By NICK SANNA
November 20, 2014, 11:50 AM
View original article: http://www.darkreading.com/operations/enter-the-digital-risk-officer/a/d-id/1317622
In the brave new world of digital risk management, a CISO would report up to a DRO who manages risk from a business perspective and works with peers in business ops, compliance, and IT security.
The business processes in the enterprise and in government organizations have become “digital” at an accelerated pace in the past few years. In most industries, many functions that were conducted on premises or were paper-based are now being performed online via digital processes. While this trend has led to a dramatic improvement in productivity, it has also led to a new set of risk factors that extend beyond the familiar threats to traditional IT systems.
Gartner sees digital risk management (DRM) as the next evolution in enterprise risk and security, with digital risk officers (DROs) leading the charge. “By 2019, the new digital risk concept will become the default approach for technology risk management,” predicted Paul Proctor, vice president and distinguished analyst at Gartner, at the firm’s 2014 Security & Risk Management Summit. He described the function of the DRO as “a mix of business acumen and understanding with sufficient technical knowledge to assess and make recommendations for appropriately addressing digital business risk.”
At the Digital Risk Management Institute we agree with that prediction. In our view, the ultimate goal for DRM is to build “digital resiliency” into an organization’s systems and operations in that they are designed from the ground up to detect threats and respond to events that minimize business disruption and financial losses.
By 2017, one third of large enterprises will have a Digital Risk Officer role due to the inability of IT security teams to manage digital risk.
(Source: Gartner Findings and Predictions from its 2014 Security & Risk Management Summit)
DRO & CISO
In this new order, the DRO would report to a senior executive in a line of business, the COO or the chief risk officer. This role will be very different from the role of a chief information security officer (CISO). The DRO will manage risk from a business perspective and will directly work with his peers in business operations, compliance, and IT security. It is possible that in many companies the CISO and the head of physical security will start reporting to the DRO.
While many CISOs might want to evolve into the role of DRO, they would have to grow in a few dimensions to get considered for the job. They’d have to understand their company’s business function and develop some level of business expertise in order to speak the language of business executives, articulate digital risk factors in operational and financial terms, and provide recommendations on risk mitigation initiatives. In doing so, they would need to be keenly aware of their role in developing a new risk management culture across functional silos and start forming partnerships with a new set of functional leaders within the line-of-business including sales, marketing, operations, and legal.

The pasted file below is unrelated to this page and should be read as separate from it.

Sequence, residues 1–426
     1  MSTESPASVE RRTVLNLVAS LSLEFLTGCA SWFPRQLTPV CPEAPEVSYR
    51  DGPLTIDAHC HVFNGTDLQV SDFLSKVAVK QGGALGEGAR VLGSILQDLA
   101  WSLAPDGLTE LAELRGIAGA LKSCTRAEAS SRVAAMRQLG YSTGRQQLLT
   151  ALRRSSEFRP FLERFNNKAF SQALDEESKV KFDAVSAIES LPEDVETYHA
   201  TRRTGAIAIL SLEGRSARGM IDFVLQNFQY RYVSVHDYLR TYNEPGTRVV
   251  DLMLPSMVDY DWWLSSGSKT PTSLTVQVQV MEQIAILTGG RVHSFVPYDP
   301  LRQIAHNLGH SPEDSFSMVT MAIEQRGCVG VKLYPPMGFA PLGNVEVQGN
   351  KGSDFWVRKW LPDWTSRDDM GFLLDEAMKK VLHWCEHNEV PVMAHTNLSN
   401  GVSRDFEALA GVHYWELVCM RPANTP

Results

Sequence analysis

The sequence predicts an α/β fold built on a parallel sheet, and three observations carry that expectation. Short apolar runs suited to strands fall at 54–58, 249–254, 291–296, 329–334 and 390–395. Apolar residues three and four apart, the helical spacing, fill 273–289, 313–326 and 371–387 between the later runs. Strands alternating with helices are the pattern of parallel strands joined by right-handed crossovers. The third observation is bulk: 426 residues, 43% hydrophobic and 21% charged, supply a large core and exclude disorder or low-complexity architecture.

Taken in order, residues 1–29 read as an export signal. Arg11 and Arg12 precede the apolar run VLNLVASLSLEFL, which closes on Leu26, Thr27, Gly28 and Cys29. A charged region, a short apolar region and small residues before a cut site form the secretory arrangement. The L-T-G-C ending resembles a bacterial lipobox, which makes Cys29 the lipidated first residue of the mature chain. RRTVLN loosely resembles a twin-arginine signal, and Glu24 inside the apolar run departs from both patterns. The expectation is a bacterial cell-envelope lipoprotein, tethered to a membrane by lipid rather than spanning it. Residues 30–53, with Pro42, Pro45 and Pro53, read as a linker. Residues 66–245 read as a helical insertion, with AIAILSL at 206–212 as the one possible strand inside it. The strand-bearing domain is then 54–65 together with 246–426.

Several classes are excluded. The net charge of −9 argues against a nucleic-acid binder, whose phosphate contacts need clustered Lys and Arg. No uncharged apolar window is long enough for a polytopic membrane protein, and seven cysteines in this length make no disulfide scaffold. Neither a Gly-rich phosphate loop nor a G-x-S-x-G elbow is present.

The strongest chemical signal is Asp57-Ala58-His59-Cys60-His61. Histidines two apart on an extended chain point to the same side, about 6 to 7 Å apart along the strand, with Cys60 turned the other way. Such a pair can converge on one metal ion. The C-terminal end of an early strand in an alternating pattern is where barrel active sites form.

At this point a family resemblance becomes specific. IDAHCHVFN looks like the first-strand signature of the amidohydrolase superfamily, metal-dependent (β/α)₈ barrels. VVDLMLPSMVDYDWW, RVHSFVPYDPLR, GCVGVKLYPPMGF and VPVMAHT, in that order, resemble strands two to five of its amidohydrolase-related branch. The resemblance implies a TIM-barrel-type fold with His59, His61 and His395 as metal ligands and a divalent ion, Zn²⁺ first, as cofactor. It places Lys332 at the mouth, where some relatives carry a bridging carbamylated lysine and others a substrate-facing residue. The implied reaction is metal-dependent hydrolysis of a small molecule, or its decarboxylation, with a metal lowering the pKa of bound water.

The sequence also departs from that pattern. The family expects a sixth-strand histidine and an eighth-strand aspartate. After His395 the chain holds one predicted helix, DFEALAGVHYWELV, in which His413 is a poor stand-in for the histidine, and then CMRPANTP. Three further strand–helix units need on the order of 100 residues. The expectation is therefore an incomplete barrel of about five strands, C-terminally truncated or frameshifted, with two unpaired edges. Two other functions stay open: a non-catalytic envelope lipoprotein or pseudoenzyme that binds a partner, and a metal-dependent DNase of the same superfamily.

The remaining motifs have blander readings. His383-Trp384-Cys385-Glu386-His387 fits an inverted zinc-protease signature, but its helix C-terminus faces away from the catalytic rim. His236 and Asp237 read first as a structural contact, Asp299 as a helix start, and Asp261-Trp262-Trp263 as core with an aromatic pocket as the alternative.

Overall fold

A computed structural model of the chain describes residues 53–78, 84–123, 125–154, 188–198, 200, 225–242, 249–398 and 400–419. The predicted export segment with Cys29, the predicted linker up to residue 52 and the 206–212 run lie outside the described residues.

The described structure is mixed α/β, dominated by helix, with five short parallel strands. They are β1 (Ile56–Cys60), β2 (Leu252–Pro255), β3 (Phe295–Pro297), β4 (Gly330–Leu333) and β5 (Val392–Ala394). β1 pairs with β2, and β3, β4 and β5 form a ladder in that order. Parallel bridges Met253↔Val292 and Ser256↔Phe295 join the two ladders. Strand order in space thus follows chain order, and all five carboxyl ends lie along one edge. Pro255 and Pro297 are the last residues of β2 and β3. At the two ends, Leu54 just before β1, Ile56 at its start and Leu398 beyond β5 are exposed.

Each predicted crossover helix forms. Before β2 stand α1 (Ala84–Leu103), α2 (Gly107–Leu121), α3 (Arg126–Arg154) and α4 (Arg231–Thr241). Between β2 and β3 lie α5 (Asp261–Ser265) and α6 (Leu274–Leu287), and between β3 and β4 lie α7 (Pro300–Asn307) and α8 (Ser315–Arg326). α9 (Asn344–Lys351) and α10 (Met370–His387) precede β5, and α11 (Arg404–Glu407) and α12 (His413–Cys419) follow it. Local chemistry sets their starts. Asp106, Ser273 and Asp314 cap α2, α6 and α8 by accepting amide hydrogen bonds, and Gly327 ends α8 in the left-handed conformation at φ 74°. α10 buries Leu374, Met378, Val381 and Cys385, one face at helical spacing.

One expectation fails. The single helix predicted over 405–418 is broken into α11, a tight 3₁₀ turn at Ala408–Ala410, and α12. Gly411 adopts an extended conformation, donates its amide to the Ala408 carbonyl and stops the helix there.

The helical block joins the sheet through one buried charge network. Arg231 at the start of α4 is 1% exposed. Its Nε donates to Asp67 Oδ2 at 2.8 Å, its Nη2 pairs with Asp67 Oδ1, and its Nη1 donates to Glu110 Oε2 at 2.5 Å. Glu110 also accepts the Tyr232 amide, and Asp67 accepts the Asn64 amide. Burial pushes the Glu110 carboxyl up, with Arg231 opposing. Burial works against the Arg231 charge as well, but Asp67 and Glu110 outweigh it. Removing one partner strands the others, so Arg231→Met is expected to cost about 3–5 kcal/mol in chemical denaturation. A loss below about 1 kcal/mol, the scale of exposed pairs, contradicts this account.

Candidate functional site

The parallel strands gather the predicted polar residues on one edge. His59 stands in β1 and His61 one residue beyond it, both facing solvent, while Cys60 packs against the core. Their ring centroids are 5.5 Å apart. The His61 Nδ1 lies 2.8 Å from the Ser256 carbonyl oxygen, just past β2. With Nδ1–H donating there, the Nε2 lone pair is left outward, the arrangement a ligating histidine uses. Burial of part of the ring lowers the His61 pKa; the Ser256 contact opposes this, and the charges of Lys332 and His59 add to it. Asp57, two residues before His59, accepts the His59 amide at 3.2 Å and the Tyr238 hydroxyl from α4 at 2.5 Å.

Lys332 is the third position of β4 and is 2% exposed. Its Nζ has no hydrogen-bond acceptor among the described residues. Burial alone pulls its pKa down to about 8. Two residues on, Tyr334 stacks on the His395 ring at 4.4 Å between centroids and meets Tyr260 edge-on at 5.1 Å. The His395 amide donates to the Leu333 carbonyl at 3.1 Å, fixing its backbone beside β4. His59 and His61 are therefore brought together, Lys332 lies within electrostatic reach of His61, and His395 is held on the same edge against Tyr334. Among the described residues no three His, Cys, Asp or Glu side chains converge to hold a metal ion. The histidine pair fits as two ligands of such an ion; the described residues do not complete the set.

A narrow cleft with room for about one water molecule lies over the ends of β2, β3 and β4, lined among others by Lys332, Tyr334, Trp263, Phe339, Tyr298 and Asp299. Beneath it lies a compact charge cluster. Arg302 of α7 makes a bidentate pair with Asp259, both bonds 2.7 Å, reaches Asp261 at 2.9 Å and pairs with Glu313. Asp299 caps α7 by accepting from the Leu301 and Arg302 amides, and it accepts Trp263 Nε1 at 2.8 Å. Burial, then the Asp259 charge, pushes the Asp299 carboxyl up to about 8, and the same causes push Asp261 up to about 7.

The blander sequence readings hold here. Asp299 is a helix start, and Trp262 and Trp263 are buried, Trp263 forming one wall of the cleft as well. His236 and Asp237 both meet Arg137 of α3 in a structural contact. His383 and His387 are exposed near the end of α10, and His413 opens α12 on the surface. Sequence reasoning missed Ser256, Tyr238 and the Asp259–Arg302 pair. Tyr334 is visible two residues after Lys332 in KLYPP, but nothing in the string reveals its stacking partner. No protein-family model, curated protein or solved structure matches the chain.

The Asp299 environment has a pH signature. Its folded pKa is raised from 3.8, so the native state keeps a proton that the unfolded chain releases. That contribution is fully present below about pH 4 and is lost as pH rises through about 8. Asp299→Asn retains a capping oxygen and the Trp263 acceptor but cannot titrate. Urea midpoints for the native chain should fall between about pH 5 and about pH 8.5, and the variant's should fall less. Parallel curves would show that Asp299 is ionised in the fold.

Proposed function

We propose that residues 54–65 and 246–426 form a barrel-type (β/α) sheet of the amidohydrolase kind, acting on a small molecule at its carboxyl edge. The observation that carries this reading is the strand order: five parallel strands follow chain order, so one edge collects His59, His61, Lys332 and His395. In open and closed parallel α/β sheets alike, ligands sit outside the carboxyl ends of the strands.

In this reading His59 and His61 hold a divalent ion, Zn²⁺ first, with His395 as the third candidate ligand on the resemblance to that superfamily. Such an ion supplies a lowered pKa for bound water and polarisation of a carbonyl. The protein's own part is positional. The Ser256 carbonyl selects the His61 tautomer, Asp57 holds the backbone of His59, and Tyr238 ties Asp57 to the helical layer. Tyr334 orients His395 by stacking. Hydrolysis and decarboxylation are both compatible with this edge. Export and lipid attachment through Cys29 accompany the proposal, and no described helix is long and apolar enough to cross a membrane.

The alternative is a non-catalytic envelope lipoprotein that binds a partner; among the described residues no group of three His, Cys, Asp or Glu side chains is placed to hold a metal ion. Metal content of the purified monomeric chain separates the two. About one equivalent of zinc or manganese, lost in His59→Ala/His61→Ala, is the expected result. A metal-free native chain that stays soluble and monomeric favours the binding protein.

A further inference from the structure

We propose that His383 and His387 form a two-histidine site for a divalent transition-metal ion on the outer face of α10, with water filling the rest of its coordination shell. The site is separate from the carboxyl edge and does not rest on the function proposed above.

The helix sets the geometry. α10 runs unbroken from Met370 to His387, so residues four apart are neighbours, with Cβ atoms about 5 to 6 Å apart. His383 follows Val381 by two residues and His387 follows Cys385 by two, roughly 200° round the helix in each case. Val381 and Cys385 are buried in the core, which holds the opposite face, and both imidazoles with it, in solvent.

Bridging the business and IT gap
The cultural gap between business executives and IT leaders presents a real challenge for many security departments. Business executives for too long have believed that technology-related risk is a technical problem and have delegated it to technical people operating in IT, separate from the business. Technical people don’t understand their organization’s business function well and don’t know how to articulate risk in financial and operational terms. This has led to situations where business executives don’t understand the problem and where technical people blame executives for insufficient attention and funding of their security initiatives.
One step towards resolving this cultural divide would be through the empowerment of a DRO with a mandate to build the organizational processes and best practices necessary to measure and manage digital business risk, including mapping of important business processes, assessment of exposure to threats, quantification of business, and prioritization of risk mitigation initiatives. Building a DRM program will be complex, but a worthwhile investment for companies that want to achieve the right balance between protecting the organization and running the business.
Nick Sanna is the President of the DRM Institute, a not-for-profit organization formed to identify and communicate best-practices for managing digital business risk. Previously, Nick served as CEO and COO of enterprise software and services companies in IT security, IT analytics, and performance management.